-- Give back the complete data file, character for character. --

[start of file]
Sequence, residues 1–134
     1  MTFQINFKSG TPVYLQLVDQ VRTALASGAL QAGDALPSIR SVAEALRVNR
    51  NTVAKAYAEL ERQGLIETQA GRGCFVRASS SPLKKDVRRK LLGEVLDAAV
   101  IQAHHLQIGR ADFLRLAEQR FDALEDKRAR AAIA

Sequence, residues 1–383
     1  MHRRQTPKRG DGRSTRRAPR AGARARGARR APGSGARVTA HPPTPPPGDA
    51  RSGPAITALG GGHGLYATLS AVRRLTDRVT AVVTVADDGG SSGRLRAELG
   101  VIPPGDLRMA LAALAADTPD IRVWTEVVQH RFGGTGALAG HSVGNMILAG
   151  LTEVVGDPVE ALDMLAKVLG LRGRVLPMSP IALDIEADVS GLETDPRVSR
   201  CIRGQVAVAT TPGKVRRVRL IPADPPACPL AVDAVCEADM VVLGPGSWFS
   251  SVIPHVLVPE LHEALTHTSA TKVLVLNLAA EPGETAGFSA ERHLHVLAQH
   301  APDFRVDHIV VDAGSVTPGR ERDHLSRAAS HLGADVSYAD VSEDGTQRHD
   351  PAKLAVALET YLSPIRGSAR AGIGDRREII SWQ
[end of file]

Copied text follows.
Sequence, residues 1–134
     1  MTFQINFKSG TPVYLQLVDQ VRTALASGAL QAGDALPSIR SVAEALRVNR
    51  NTVAKAYAEL ERQGLIETQA GRGCFVRASS SPLKKDVRRK LLGEVLDAAV
   101  IQAHHLQIGR ADFLRLAEQR FDALEDKRAR AAIA

Sequence, residues 1–383
     1  MHRRQTPKRG DGRSTRRAPR AGARARGARR APGSGARVTA HPPTPPPGDA
    51  RSGPAITALG GGHGLYATLS AVRRLTDRVT AVVTVADDGG SSGRLRAELG
   101  VIPPGDLRMA LAALAADTPD IRVWTEVVQH RFGGTGALAG HSVGNMILAG
   151  LTEVVGDPVE ALDMLAKVLG LRGRVLPMSP IALDIEADVS GLETDPRVSR
   201  CIRGQVAVAT TPGKVRRVRL IPADPPACPL AVDAVCEADM VVLGPGSWFS
   251  SVIPHVLVPE LHEALTHTSA TKVLVLNLAA EPGETAGFSA ERHLHVLAQH
   301  APDFRVDHIV VDAGSVTPGR ERDHLSRAAS HLGADVSYAD VSEDGTQRHD
   351  PAKLAVALET YLSPIRGSAR AGIGDRREII SWQ